Nearly half of U.S. credit-card holders are reluctant to shop at stores such as Target and Home Depot that have been hacked, according to a survey by Forty-five percent of respondents say they will definitely or probably avoid one of their regular stores over the holidays if that retailer has suffered a data breach.

Sixteen percent say they definitely wouldn’t return to a store that had been hacked, and 29 percent say they probably wouldn’t shop at stores that had been hacked.

The survey was conducted earlier this month by phone. On behalf of, Princeton Survey Research Associates International surveyed 865 American adults who have debit or credit cards.

Major data breaches at U.S. retailers — most recently Kmart, AT&T and Dairy Queen — may have exposed millions of Americans’ credit-card information.

Fortunately for retailers, high-income households earning more than $75,000 per year are the least likely to avoid affected stores. Only 31 percent say they would avoid a store that had been hacked, compared to 56 percent of households with annual incomes below $30,000. And women are more likely than men to continue shopping at a store that has been hacked, the survey found.

Only 1 in 8 say they are more likely to shop with a credit card this holiday season, and 48 percent say they plan to pay with cash more frequently in response to the data breaches.

“It may sound weird, but the truth is that credit cards offer far greater consumer protections than debit cards, cash or other payment methods,” Matt Schulz,’s senior industry analyst, said in a statement. 


When 17-year-old George Hotz became the world’s first hacker to crack AT&T’s lock on the iPhone in 2007, the companies officially ignored him while scrambling to fix the bugs his work exposed. When he later reverse engineered the Playstation 3, Sony sued him and settled only after he agreed to never hack another Sony product.

When Hotz dismantled the defenses of Google’s Chrome operating system earlier this year, by contrast, the company paid him a $150,000 reward for helping fix the flaws he’d uncovered. Two months later Chris Evans, a Google security engineer, followed up by email with an offer: How would Hotz like to join an elite team of full-time hackers paid to hunt security vulnerabilities in every popular piece of software that touches the internet?

Today Google plans to publicly reveal that team, known as Project Zero, a group of top Google security researchers with the sole mission of tracking down and neutering the most insidious security flaws in the world’s software. Those secret hackable bugs, known in the security industry as “zero-day” vulnerabilities, are exploited by criminals, state-sponsored hackers and intelligence agencies in their spying operations. By tasking its researchers to drag them into the light, Google hopes to get those spy-friendly flaws fixed. And Project Zero’s hackers won’t be exposing bugs only in Google’s products. They’ll be given free rein to attack any software whose zero-days can be dug up and demonstrated with the aim of pressuring other companies to better protect Google’s users.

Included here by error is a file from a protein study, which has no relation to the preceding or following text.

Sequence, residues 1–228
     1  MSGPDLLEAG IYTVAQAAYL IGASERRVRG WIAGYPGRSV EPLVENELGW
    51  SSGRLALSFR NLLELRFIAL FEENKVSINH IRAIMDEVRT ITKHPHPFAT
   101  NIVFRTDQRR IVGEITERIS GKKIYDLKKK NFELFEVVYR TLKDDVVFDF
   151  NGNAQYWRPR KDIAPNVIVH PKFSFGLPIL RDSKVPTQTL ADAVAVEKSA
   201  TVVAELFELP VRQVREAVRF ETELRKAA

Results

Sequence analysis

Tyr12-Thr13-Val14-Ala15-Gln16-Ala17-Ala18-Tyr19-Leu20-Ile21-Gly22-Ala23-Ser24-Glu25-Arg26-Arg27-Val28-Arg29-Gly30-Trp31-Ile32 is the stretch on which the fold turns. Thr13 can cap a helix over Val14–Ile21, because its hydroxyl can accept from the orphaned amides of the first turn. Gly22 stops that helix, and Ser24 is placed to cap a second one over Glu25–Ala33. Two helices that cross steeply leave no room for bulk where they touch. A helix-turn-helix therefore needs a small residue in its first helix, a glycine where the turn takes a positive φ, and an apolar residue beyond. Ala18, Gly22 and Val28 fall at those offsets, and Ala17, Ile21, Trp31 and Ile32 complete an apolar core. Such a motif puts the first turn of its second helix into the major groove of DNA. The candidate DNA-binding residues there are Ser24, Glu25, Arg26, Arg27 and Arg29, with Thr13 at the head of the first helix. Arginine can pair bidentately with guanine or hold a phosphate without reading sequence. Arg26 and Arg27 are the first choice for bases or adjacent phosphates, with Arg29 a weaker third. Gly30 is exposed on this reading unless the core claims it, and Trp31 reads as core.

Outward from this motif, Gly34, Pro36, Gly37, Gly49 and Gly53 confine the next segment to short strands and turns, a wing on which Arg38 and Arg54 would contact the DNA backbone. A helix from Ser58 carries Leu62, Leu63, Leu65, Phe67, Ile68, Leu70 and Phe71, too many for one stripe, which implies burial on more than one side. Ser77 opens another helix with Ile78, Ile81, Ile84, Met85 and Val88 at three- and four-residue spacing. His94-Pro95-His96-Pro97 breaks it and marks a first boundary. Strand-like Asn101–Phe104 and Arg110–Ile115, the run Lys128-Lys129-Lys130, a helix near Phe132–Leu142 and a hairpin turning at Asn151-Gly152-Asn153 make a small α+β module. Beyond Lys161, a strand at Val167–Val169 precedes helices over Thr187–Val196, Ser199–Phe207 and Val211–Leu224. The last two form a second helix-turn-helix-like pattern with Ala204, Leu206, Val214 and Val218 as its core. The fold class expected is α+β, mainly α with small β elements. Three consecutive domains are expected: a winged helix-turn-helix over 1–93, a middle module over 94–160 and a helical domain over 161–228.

MORE: Meet ‘Project Zero,’ Google’s Secret Team of Bug-Hunting Hackers

The attack at JPMorgan Chase affected the data of 76 million households and 7 million businesses, the bank said in a regulatory filing on Thursday.

That impact was far bigger than earlier estimates that about 1 million customers had been affected, the New York Times noted. It represents more than half of the roughly 115 million households in America.

Hackers attacked the bank’s computer systems periodically between mid-June and mid-August, according to The Wall Street Journal. The attackers accessed customer names, email addresses, phone numbers and physical addresses, along with “internal JPMorgan Chase information relating to such users,” the bank said in its regulatory filing. The bank didn’t describe what sort of information that was.


So JP Morgan, Target, Home Depot etc



If a hacker can obtain a user’s iCloud username and password with iBrute, he or she can log in to the victim’s account to steal photos. But if attackers instead impersonate the user’s device with Elcomsoft’s tool, the desktop application allows them to download the entire iPhone or iPad backup as a single folder, says Jonathan Zdziarski, a forensics consult and security researcher. That gives the intruders access to far more data, he says, including videos, application data, contacts, and text messages.

MOREThe Police Tool That Pervs Use to Steal Nude Pics From Apple’s iCloud

Hackers steal personal data for 25,000 Homeland Security employees


Doesn’t feel so nice when it happens to you, does it?  

from Breitbart:

USIS, the Department of Homeland Security’s contractor for conducting security clearance background checks, has had the personal records of at least 25,000 of its employees stolen because of hackers, and the hackers may have been from a foreign country, according to the Associated Press (AP).

AP’s source was an unnamed DHS official who told AP that Homeland Security would soon let employees know if their personal information had been stolen and encourage them to check their financial accounts.

USIS provides the most background investigations to the federal government of any company, but the company is being targeted with a federal whistleblower lawsuit because it allegedly “dumped” over 600,000 background checks for security clearances, allowing some clearances to be considered complete although they were not completely conducted.

read the rest

When hackers steal data from Homeland Security, it’s considered a crime.  When the government steals data from private citizens, it’s called “Homeland Security.”